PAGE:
Amy: 16:29 Jesus, right?
Tony: 16:30 That’s right. Because there are business leaders in the church and every church, I mean there were 100 thousands of churches across the country and so if I want to move the mission forward for unstuck, the unstuck leadership ministry, it only makes sense then for me to try to partner with other local churches. And so I start to connect with churches directly. I start to connect with business leaders in the churches and I began to offer resources. You and I create a podcast for this new ministry. We have conferences and we start providing direct coaching to business leaders on how they can accomplish this mission. And that’s the mission that’s really driving me as the leader of unstuck leadership because it’s personally impacted my life as well when I was previously in a market place, leadership position. And so not only do I start coaching and resourcing and creating branding and conferences around unstuck leadership, I start to engage with business leaders an churches.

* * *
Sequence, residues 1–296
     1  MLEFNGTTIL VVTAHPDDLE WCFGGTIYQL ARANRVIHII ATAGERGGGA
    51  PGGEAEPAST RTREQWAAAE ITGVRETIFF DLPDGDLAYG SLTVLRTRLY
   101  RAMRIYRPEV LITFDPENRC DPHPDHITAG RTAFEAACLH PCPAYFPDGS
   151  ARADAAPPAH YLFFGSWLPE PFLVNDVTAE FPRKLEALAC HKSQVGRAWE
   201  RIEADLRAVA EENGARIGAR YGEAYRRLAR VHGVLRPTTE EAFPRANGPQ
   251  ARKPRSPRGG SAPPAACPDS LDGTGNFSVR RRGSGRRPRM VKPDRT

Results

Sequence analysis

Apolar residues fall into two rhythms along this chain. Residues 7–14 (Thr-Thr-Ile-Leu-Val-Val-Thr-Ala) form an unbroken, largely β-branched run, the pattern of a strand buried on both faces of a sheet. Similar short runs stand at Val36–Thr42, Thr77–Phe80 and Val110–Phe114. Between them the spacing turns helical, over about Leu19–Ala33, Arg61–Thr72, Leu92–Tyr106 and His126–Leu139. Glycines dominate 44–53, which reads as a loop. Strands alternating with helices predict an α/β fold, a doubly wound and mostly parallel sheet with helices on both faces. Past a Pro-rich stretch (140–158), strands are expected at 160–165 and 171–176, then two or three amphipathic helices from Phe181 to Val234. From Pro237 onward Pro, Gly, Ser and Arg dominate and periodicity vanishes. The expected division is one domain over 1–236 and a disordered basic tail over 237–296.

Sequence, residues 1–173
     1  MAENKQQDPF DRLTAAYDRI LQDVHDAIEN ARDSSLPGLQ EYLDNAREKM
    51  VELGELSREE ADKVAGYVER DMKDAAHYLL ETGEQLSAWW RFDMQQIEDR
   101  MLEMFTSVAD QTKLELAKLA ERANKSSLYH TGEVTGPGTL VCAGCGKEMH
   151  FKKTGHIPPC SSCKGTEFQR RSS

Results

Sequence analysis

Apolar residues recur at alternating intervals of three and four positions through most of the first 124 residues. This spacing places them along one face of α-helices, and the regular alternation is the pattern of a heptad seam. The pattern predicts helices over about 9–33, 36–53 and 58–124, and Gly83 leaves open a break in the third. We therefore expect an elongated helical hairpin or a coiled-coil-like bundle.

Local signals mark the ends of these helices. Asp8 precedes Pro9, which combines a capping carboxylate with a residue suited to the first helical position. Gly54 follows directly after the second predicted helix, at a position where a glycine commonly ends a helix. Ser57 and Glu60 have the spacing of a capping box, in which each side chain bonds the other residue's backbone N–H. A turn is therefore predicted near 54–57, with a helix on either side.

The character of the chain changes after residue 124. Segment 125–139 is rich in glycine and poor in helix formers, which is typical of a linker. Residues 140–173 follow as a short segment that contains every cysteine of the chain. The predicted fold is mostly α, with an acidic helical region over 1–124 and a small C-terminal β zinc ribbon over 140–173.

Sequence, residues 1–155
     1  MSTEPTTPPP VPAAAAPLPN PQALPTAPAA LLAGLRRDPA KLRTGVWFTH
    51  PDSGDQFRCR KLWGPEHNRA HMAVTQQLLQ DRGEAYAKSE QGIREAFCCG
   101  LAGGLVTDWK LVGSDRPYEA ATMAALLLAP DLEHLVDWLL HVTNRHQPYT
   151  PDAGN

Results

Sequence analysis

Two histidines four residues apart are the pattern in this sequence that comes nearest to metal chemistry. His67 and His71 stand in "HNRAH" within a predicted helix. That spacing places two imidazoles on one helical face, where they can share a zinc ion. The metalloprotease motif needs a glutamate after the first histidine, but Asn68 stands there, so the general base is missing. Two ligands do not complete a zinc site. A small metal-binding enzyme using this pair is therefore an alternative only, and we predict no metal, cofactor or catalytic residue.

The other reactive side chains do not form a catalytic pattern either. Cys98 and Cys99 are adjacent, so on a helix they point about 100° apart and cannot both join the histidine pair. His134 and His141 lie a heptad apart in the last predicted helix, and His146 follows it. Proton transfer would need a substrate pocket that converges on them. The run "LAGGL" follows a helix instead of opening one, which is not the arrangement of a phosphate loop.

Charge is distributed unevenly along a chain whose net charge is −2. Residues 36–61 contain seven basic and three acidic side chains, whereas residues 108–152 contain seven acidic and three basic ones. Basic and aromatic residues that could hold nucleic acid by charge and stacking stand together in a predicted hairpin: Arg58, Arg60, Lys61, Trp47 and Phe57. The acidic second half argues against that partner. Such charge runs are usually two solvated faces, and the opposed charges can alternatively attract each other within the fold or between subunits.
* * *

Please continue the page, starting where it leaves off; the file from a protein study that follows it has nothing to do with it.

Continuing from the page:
Tony: 17:34 I start to connect directly with churches. And part of my strategy to move the mission forward is actually to encourag churches to launch unstuck leadership ministries, events coaching in their churches. And if I’m good at that and I’m successful at that, I am going to resource churches and business leaders in those churches well and those ministries, the unstuck leadership ministries in each of these churches is going to grow. They’re going to reach more leaders. And as a result of that, over time, if I accomplish the unstuck leadership ministry, effectively those business leaders in those churches are going to start coming to me for coaching and resources and so on. And again, if I partner in a healthy way with those churches and if the church has a clear perspective on what their mission and their vision is, this can actually be a healthy partnership. But if that clarity doesn’t exist and the leaders within the church start to listen to my coaching and direction and so on. Again, amy, my mission is to move the unstuck leadership mission forward, it’s not really to ultimately to move the Churches mission forward.